Photographer Josh Gibson and his interior designer wife, Michelle Prentice, weren't looking to downsize when the small outbuilding behind their home came on the market in Beaufort, South Carolina. Beaufort’s historic preservation laws prevent historic structures from being torn down, so they decided to purchase the property. "It became clear that we should restore it to use as a guesthouse and Airbnb rental,” says Prentice. “It was uninhabitable when we got it. There was no insulation, it had only one window unit, and the floors were squishy,” says Gibson. “At first, we were just going to fix the structural issues and slowly work on the exterior, but then that became a complete yearlong gut renovation.” Along the way, they uncovered the home’s deep history. Footings for a 6-foot-wide fireplace found in the foundation and building-material inconsistencies revealed that half of the cottage was built in 1880 as a working kitchen for a larger house in the neighborhood. The second half of the home was added in the 1940s. Because of this, they nicknamed it “The Cook House.” As construction continued, the couple stayed the course, restoring the old Lowcountry cottage with both its integrity and their budget intact. “Where there’s a will, there’s a way,” say both Prentice and Gibson. Here are their tips for tackling a small cottage renovation.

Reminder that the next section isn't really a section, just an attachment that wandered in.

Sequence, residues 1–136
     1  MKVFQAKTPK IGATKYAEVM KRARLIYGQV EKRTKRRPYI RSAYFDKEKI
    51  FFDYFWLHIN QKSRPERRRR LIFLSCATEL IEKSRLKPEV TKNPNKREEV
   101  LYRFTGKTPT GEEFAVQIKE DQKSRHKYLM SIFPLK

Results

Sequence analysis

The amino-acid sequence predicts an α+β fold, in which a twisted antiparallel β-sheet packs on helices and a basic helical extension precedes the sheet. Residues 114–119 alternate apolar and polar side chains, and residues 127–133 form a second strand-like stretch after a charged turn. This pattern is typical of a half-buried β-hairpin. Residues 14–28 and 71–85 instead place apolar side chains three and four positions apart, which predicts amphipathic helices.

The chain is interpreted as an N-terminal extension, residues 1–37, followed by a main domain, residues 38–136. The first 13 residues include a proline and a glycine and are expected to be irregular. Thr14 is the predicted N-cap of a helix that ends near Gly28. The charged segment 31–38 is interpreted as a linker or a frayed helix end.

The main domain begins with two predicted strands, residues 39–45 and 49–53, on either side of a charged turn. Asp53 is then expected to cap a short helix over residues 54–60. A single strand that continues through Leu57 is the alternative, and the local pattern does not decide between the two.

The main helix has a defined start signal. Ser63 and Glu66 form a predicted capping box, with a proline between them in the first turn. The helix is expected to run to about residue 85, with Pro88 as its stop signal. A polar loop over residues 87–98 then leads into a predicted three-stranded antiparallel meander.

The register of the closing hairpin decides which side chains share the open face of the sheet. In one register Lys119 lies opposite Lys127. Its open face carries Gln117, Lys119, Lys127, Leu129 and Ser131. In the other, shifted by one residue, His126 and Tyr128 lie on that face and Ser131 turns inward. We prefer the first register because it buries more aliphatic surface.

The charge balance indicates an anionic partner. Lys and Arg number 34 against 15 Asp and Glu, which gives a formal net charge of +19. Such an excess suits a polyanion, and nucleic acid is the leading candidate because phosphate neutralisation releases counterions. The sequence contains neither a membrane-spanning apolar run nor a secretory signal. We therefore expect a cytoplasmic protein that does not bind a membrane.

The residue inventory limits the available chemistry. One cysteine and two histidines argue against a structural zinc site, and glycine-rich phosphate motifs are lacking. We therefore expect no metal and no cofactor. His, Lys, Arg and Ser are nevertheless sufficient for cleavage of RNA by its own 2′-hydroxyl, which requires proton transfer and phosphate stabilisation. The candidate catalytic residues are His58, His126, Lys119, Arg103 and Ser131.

Living in a tiny house doesn’t mean you have to give-up style.